Recently I travelled to Adelaide for the first time and immediately began regretting having not holidayed there before.
It turns out I'm far from the first person to experience this.
As the COVID-19 pandemic closed borders, countless Australians from around the country visited South Australia for the first time instead of regular destinations like Bali, Aotearoa, Thailand and the US.
Adelaide is known as the country's 'boutique city' and is said to be "quickly becoming the lifestyle capital of Australia".
If you're into fine food, amazing wine, art and culture - all packaged into a relatively small area easy to get around - definitely consider it.
It's one direct flight away from Auckland, with the CBD just 15 minutes from the airport. On the city's doorstep is the great Outback, a handful of amazing peninsulas and beaches and the mighty Murray River.
Adelaide is one of the great wine capitals of the world alongside Bordeaux, Napa Valley and Mendoza. So of course there are countless fantastic wineries to explore, but that also means no matter where you eat out, you can expect some superb vino on offer.
The city has a cosmopolitan feel that's quite different to the other Australian cities I've travelled to, in a similar way to how San Francisco feels different to other American cities.
Although there is a Chinatown, much of the city has loads of restaurants representing all kinds of different cultures all right alongside each other and all mixed up. Then there's the Adelaide Central Market, an enormous fresh produce market that's been going for over 150 years and is one of the largest in the Southern Hemisphere.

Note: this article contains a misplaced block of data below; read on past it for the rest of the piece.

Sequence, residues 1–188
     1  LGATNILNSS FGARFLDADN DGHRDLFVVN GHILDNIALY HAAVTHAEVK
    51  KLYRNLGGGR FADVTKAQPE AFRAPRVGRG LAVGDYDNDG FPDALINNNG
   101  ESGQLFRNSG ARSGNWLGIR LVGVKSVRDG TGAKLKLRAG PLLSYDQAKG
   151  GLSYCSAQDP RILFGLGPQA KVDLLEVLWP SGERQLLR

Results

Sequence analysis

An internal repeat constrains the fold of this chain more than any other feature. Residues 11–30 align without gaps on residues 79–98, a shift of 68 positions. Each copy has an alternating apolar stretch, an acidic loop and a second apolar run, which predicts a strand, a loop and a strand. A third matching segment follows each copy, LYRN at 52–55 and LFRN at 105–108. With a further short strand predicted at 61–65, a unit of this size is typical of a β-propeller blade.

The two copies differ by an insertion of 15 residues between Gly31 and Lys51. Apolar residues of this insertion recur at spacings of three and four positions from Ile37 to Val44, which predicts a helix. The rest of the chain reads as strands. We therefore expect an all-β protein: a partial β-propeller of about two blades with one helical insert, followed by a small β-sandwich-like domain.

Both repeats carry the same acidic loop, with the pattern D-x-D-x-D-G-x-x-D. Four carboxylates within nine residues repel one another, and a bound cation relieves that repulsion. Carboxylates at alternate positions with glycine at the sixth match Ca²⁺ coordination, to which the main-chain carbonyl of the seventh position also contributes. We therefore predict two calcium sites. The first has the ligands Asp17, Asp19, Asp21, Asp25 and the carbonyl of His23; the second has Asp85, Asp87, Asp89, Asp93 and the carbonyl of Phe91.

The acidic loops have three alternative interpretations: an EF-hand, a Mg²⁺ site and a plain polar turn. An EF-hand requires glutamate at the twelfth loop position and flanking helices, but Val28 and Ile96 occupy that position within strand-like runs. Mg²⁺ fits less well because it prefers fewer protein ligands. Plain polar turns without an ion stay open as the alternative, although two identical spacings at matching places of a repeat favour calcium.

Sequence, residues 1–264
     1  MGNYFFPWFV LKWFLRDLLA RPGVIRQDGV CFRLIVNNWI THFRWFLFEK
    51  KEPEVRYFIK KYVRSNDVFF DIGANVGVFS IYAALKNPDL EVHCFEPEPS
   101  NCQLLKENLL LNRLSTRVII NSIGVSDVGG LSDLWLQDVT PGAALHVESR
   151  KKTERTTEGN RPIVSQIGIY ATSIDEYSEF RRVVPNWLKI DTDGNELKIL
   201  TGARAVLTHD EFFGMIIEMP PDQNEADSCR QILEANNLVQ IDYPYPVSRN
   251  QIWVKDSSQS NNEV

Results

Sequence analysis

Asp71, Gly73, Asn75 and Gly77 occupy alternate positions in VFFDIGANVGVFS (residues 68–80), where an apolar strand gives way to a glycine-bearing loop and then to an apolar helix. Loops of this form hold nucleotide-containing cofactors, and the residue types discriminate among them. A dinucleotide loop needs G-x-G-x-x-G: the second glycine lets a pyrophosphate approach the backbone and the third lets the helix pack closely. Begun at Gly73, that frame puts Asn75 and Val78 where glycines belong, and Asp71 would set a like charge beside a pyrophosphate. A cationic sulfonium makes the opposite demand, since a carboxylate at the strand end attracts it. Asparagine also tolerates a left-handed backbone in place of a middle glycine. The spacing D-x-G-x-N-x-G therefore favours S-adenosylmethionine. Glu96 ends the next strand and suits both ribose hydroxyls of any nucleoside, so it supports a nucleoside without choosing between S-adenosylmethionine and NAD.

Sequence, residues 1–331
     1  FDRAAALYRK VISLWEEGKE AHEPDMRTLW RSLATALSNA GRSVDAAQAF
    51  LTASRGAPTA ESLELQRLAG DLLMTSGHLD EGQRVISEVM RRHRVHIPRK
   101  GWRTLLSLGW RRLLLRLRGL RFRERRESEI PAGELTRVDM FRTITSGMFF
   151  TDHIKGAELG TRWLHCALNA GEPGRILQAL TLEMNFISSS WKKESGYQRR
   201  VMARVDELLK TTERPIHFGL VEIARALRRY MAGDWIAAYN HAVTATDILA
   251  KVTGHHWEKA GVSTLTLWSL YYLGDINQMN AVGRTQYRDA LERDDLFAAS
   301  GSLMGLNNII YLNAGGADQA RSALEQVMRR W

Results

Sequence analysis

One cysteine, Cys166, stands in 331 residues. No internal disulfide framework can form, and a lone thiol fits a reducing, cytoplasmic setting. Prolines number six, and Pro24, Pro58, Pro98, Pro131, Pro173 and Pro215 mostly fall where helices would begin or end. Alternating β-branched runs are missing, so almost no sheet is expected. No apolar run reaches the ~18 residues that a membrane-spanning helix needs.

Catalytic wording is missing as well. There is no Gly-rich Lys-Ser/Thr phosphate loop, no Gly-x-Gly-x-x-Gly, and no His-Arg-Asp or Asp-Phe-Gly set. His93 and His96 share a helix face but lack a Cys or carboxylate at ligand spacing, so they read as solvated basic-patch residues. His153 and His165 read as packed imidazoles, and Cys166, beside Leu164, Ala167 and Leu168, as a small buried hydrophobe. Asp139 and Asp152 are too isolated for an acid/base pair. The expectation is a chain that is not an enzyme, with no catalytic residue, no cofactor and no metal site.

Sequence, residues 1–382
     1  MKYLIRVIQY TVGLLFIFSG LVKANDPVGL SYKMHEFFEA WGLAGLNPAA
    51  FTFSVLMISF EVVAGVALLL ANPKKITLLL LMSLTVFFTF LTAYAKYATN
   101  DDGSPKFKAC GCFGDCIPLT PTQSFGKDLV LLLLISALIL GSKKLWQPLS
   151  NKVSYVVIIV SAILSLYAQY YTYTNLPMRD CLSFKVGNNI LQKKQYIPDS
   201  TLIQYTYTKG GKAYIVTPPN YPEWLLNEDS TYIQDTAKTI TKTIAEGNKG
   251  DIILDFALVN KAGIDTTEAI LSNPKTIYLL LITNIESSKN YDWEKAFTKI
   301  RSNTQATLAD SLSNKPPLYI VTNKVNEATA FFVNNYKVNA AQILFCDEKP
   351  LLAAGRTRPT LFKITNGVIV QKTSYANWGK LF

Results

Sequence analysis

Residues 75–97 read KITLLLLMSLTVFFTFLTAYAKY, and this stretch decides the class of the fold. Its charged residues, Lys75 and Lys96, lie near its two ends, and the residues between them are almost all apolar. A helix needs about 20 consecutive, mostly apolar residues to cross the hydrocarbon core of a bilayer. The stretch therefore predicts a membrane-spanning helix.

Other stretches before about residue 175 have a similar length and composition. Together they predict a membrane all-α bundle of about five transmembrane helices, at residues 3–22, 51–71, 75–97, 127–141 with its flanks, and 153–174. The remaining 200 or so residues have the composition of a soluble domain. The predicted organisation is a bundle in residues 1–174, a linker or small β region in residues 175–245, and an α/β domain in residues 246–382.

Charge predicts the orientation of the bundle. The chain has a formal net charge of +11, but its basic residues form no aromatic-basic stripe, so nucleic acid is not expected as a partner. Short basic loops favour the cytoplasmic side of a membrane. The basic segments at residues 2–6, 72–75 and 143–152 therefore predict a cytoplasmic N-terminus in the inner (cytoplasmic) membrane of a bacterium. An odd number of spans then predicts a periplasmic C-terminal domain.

One thing I can highly recommend to get an immediate flavour of the city is an EcoCaddy tour.
An ideal activity for your first day in Adelaide, this puts you in the back of a cycle-powered cart to travel about the CBD with a friendly guide explaining all the different areas you go through.
The specific tour I did focused on the city's street art - of which there is well over 100 pieces, adding to the San Fran vibe. Due to the 'Street Art Explosion' programme, Adelaide is chock full of eye-popping art which is added to with commissioned works every year.
Although EcoCaddy tours cost, you can of course explore the city art for free. As well as walking around, there are free bus and tram services around the central city.
Doing whatever you can for low or no cost might be a good idea as it'll allow more of your holiday budget to go toward all the amazing food and wine on offer.
Getting out of Adelaide into the surrounding areas of South Australia opens up access to a huge number of incredible wineries, most with incredible restaurants.
It takes a couple of hours or less to drive to Barossa, McLaren Vale or the Clare Valley; but the Penfolds Magill Estate Cellar Door is spectacular and just a 15 minute drive from the CBD.
There are two restaurants on the premises, both serving phenomenal food to go with a vast array of the iconic brand's drinks.
There are also a number of tours one can go on at the winery. The ideal way to be told the remarkable story of Australia's most celebrated wine, the famous grange, is right there in its birthplace.
Originally frowned upon by the powers that be in the mid-20th century, a legend named Max Schubert crafted grange initially in secret in the depths of the Penfolds cellars.
Standing in those very cellars and learning his story with a glass of grange in hand is truly a wonderful way to spend an afternoon.
And that's just one of the locations a wine fan can check out on a trip to South Australia. It'll take dozens of repeat journeys to explore enough of them, I reckon.
Newshub travelled to Adelaide as a guest of the South Australian Tourism Commission.